Dinsmoor (1952) conducted an experiment to investigate the retention or loss of a learned behavior over time. The experiment involved discrimination training. White rats were trained to bar press for food during an SD and to not bar press during the Sd time. After the discrimination training was completed, the rats were given a rest period of 30 weeks. At the end the rest period, the rats were again brought back to 85% of their normal body weight and tested for retention of discrimination. There was some loss of discrimination, this was shown by a decrease in the rate of bar pressing during SD and an increase in the rate of bar pressing during Sd, and some decline in total responding. Dinsmoor concluded that a well-established discrimination may be largely retained over a period of 30 weeks, and the loss of discrimination is not foregone with the mere passage of time.

In an experiment by Smith and Hoy (1954), discrimination training was given to 24 white rats. They set out to test a hypothesis that as discrimination forms, responses shift from S to SD, such that an increase in the rate of response during SD is accompanied by a corresponding decrease in rate of response during Sd. They tested the subjects for 27 days of discrimination training, and 33 days of reverse discrimination, and they found that, as discrimination formed, the overall rate of responding remained constant, and that as responses during Sd periods declined responses during the SD increased.

Herrick, Myers, and Korotkin (1959) conducted an experiment to test the hypothesis presented by Smith and Hoy (1954), in which they found that the total number of responses in a discrimination session remained constant. Herrick et al. (1959) conducted discrimination training on 8 male white rats for 40 days. Their results were in disagreement with those obtained by Smith and Hoy (1954). Herrick et al. (1959) found that found that the rates of responding doubled during the 40 sessions. From this data they concluded that not only was the rate of responding not a constant, but that the rate of responding actually increased.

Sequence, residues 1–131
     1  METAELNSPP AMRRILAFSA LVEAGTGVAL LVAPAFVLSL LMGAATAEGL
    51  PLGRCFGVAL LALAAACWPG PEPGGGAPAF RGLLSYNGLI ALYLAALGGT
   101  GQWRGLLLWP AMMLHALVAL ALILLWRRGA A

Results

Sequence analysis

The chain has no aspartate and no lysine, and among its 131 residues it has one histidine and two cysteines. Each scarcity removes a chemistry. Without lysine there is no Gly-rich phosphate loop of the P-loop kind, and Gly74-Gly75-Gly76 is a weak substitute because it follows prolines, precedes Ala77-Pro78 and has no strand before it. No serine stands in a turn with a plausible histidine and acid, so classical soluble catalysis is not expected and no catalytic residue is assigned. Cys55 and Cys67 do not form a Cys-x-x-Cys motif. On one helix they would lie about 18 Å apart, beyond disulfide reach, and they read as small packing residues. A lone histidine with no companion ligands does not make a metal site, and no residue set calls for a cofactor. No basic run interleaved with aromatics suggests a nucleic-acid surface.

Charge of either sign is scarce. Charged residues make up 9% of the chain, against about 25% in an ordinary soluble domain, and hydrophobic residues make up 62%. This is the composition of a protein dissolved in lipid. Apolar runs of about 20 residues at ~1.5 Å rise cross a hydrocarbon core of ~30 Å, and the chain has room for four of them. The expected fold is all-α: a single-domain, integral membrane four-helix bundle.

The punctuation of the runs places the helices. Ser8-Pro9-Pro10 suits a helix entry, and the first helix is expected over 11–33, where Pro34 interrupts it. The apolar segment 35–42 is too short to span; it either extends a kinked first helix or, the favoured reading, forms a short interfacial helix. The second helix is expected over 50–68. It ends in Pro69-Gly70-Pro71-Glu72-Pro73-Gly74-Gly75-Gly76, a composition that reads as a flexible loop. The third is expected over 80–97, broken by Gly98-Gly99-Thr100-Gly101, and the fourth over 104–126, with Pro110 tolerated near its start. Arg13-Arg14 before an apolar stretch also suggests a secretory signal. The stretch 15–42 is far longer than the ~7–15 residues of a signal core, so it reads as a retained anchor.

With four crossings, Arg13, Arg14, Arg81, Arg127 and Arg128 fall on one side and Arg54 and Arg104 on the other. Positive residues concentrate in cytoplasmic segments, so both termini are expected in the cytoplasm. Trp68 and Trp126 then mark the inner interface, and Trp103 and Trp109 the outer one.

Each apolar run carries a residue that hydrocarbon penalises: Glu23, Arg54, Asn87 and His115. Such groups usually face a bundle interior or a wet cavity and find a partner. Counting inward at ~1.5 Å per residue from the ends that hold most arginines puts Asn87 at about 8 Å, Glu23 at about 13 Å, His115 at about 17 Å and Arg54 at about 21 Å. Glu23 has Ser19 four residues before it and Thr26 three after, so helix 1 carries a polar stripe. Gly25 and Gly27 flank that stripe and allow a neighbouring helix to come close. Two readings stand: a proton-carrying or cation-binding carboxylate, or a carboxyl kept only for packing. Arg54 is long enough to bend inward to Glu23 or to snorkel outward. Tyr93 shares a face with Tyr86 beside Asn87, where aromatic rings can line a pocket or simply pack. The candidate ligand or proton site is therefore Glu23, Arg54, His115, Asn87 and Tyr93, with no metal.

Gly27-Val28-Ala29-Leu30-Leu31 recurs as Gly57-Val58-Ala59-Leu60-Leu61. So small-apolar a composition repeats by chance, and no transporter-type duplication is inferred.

Egger and Miller (1962) conducted an experiment to determine the effects of secondary reinforcement. They hypothesized that in the presence of 2 stimuli, the stimulus that is the more reliable in predicting the primary reinforcer would become the secondary reinforcer. To test their hypothesis they conducted an experiment using 88 male rats as subjects. They provided half the subjects with a stimulus which always preceded the delivery of primary reinforcement, and where a second stimulus was redundant. The other half of the rats were conditioned to a stimulus which only predicted primary reinforcement if followed by a second stimulus. Their results showed that the second stimulus was a stronger secondary reinforcer when it was informative, rather than when it was redundant.

Based on the above review it is hypothesized that if a behavior is reinforced in one condition, and not reinforced in another condition, then the behavior in the reinforced condition will increase while behavior in the non-reinforced condition will decrease.